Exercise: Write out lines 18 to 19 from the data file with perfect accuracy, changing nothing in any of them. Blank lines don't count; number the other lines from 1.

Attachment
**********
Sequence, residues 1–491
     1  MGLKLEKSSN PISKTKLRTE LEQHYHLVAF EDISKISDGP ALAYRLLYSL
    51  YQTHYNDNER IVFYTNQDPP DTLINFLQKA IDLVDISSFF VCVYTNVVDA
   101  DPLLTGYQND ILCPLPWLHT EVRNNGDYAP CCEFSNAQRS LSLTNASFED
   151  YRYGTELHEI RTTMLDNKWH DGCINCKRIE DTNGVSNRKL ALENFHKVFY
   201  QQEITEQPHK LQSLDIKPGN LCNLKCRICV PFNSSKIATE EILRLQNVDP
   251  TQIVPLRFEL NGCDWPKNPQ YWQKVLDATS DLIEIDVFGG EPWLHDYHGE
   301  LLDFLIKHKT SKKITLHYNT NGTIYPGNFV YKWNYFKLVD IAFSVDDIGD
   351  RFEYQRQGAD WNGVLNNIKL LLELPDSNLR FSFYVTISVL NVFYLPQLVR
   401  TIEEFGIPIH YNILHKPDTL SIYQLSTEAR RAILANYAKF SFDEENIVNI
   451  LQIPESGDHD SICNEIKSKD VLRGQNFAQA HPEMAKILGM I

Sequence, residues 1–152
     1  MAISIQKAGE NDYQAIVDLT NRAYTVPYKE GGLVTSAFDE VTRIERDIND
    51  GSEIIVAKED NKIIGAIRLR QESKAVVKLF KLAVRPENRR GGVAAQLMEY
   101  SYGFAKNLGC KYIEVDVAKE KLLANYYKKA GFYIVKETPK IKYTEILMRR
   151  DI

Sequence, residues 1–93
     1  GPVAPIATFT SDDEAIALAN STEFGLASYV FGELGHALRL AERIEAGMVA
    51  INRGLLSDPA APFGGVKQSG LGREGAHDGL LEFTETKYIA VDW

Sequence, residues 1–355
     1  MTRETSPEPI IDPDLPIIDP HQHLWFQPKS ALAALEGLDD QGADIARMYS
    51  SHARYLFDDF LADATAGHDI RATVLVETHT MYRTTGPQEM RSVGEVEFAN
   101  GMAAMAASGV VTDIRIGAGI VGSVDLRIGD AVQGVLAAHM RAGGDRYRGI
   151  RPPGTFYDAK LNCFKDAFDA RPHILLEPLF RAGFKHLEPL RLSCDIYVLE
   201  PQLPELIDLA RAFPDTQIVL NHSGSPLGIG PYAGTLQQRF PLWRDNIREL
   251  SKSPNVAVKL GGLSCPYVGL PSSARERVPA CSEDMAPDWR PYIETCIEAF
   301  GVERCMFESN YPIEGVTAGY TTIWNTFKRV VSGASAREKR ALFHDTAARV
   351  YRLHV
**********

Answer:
     1  GPVAPIATFT SDDEAIALAN STEFGLASYV FGELGHALRL AERIEAGMVA
    51  INRGLLSDPA APFGGVKQSG LGREGAHDGL LEFTETKYIA VDW